Any parent can tell you that sweet foods are an easier sell to kids than, say, sprouts or salad. But with more than a quarter of New Hampshire struggling with obesity, researchers at Keene State College are working on innovative ways to get children as young as three years old hooked on vegetables.
Last month New Hampshire Charter Schools in development got some very bad news: the board of education voted that they would no longer be approving new applications. Their reason: the state is all out of funding for such schools.
Charter school advocates blasted the decision, saying it made no sense, because the new schools would fall under next biennium’s budget. Wednesday the Attorney General’s office told lawmakers if they want to get money to those schools, they’ll have to change the laws.
Governor Lynch credits state department heads for managing wisely. Legislative leaders, meanwhile credit their spending plan.
The Governor says very aggressive fiscal management allowed for the small surplus. Lynch stressed to reporters that the challenge was made steep by a GOP crafted budget that he says made inappropriate cuts.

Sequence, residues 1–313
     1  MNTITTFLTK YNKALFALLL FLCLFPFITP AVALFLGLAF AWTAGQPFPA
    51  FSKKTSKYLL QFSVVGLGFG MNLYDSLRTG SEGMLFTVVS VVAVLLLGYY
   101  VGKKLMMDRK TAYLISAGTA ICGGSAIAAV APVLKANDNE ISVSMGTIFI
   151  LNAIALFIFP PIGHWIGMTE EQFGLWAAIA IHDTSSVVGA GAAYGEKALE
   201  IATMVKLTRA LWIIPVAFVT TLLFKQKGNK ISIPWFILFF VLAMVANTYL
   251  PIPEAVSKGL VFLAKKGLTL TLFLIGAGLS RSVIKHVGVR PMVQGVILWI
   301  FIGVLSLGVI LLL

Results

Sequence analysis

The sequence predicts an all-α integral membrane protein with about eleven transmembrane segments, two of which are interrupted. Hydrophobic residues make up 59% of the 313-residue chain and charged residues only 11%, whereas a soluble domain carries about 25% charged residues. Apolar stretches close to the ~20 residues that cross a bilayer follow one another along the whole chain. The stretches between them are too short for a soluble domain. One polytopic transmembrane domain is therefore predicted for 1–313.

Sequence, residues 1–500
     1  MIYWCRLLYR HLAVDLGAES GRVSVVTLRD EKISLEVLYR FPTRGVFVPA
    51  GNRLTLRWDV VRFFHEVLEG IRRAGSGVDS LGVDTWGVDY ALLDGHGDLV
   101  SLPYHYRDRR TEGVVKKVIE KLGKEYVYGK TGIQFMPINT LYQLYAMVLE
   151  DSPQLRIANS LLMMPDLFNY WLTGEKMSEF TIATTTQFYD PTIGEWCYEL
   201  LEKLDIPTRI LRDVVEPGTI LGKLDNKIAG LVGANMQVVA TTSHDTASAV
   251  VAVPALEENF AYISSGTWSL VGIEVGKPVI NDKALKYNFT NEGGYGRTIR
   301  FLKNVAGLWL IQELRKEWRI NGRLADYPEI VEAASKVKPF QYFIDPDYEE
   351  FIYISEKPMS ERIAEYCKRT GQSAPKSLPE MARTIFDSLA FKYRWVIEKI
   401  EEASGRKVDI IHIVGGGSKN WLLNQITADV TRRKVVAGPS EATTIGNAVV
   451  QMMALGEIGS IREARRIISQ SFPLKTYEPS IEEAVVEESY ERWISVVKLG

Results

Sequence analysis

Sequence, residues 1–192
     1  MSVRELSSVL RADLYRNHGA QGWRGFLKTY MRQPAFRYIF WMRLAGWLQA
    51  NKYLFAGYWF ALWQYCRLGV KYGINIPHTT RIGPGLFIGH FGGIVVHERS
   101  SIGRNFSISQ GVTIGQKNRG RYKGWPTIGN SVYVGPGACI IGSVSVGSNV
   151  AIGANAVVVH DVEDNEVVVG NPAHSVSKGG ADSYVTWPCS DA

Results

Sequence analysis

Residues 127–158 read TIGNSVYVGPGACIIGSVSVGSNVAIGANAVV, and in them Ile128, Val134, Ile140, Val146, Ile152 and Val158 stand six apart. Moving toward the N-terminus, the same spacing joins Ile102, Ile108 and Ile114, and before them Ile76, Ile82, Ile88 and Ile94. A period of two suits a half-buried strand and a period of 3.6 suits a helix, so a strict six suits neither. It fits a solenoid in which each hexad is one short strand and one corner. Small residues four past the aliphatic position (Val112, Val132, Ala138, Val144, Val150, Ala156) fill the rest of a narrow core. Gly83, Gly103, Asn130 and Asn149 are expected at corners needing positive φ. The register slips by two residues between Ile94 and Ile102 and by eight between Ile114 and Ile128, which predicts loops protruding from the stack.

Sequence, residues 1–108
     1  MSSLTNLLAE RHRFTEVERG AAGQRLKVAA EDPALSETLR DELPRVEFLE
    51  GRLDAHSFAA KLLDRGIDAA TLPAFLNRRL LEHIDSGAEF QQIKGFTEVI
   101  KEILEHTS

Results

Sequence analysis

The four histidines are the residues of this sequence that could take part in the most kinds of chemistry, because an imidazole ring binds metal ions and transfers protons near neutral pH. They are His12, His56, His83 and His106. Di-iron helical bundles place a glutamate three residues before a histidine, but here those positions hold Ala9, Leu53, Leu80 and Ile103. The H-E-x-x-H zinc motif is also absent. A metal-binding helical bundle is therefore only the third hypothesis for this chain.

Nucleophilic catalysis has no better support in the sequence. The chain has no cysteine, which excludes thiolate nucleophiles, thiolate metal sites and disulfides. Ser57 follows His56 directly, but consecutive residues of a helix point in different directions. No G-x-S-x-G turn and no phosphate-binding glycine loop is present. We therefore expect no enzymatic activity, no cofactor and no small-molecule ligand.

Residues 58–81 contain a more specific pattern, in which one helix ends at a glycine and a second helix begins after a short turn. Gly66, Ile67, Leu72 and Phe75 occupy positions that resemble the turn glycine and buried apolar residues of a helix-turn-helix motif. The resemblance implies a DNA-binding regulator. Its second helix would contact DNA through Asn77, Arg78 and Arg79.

The Conservation Law Foundation says the U.S. Department of Energy made a serious mistake by again allowing Northern Pass to help pick the consultants responsible for the crucial environmental impact statement.
“The concern is that the integrity of the federal review is at great risk,” Christophe Courchesne, a lawyer at the foundation, said Wednesday.
The DOE did not respond to the issue raised by the foundation.
This year there are nine state senators not returning to their seats. Most of the chairs are being vacated by Republicans, and that’s got Democrats banking on winning some of those seats back. And in district 7, one traditionally red seat is up for grabs.
The 65th annual fall foliage festival took place in Warner, New Hampshire this weekend. Attendees could purchase crafts by local artisans, go on rides, or share a country breakfast the United Church of Warner.